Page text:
McIntyre Douglas was adviser to the late Dominica prime minister, Rosie Douglas, his brother. He was introduced as a "vibrant and vigilant pro-sustainable use activist".

Douglas prefaced his remarks by saying that because of the drive for profits in this world of multinationals, watchdogs were needed to keep tabs on environmental wrongdoers.

But that was as good as it got for the NGOs. The remainder was a vehement attack on the agendas of international NGOs like Greenpeace and The International Fund for Animal Welfare (IFAW), their alliances and data.

Special scorn was heaped upon the founder of Greenpeace, David Mactaggert, who was labelled as a failed real estate promoter who ran off leaving investors in the lurch.

"It is not difficult to see how a worldwide movement like Greenpeace, with over 5 million members, could be ruthlessly manipulated by a maverick, idiosyncratic leader or leadership to remodel the world in his or its own image. We are in danger of ending up with a new world order, blighted by the warped vision of this new breed of cultural and economic, ecological imperialist," said Douglas.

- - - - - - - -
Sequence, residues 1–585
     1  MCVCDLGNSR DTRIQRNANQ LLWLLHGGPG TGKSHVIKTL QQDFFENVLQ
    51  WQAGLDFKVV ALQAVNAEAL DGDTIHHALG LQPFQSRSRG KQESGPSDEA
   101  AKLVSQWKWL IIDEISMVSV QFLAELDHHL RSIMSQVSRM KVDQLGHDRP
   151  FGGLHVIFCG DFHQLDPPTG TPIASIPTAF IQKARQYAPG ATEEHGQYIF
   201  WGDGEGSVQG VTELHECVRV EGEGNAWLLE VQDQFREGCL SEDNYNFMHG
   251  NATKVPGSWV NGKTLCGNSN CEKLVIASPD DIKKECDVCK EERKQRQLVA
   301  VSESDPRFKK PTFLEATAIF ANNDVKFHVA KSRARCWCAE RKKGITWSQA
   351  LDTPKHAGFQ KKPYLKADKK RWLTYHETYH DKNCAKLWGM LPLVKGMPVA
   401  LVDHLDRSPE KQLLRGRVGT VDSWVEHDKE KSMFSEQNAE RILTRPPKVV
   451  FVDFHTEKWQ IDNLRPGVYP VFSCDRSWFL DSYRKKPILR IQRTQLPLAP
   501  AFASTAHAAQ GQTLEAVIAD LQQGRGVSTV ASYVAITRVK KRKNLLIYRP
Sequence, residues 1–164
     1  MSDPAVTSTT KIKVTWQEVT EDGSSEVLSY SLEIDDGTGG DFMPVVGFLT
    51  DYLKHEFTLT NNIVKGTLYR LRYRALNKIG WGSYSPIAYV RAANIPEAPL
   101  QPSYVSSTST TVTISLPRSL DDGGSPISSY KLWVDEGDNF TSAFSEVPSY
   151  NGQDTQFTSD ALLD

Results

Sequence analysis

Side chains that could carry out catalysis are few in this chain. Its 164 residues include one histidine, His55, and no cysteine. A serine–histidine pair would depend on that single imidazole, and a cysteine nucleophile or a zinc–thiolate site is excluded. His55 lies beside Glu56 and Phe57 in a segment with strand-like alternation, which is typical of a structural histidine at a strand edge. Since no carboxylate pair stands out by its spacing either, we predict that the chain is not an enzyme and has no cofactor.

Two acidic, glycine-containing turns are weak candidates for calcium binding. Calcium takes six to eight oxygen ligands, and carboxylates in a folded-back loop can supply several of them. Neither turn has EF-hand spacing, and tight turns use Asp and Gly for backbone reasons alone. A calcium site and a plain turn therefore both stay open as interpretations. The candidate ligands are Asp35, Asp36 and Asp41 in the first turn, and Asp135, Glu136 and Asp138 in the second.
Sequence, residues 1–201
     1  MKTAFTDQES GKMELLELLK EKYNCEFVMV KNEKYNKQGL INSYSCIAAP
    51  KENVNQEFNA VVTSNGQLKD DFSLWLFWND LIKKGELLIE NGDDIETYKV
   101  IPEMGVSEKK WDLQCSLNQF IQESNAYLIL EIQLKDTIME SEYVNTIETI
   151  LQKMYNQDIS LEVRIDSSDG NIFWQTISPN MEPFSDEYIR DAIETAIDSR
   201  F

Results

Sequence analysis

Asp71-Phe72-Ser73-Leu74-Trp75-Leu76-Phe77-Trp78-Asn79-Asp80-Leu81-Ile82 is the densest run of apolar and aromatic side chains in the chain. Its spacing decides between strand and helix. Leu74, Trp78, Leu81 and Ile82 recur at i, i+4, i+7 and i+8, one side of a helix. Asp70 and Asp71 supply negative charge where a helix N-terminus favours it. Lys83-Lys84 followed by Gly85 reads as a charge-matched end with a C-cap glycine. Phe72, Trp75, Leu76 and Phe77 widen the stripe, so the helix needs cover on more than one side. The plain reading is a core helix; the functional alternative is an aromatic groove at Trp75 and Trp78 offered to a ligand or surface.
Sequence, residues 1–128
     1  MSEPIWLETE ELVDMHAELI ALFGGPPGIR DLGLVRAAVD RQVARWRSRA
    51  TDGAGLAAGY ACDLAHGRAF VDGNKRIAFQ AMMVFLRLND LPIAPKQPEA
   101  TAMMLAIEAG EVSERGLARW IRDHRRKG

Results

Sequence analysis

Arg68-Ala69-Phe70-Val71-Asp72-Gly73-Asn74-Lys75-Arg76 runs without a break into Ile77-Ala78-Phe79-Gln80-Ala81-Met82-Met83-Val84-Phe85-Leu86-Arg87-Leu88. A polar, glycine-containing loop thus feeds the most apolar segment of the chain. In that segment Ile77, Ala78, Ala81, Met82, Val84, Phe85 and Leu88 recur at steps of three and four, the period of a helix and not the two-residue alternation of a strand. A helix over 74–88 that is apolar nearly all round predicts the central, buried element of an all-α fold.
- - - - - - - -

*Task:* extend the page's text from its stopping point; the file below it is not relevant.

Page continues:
I decided to get a viewpoint on whaling in the Caribbean from a notable absentee NGO at the symposium, the Caribbean Conservation Association. I spoke with Dr Joth Singh, the executive director.

Q: What is the CCA's view on Caribbean countries being targeted by Japanese aid in return for votes at the IWC?

A: The principle of providing development aid in return for votes at the IWC is very wrong. This mechanism for securing support has received widespread international criticism and ridicule. The Caribbean region receives aid from many developed countries who are against commercial whaling. These countries include Germany, UK, USA to name a few. These countries have not tied their aid package to guaranteed support at IWC by beneficiary countries.

The reality is that if you tallied up the support received by Caribbean countries from these anti-commercial whaling countries you would recognise that it is several multiples of what is being provided by Japan. What would be the position of Caribbean countries if this aid was tied to votes at IWC?

Q: Does the CCA support the moratorium on commercial whaling? If so, why?

A: The CCA absolutely supports the moratorium on commercial whaling. The decision for the moratorium on commercial whaling was not one of choice but an imperative to prevent the wanton slaughter of whales to the point of extinction of some species. Pro-whalers are anxious for the moratorium to be lifted. However, there is not enough scientific data to show that various whale stocks have recovered to be out of danger if the ban on commercial whaling is lifted.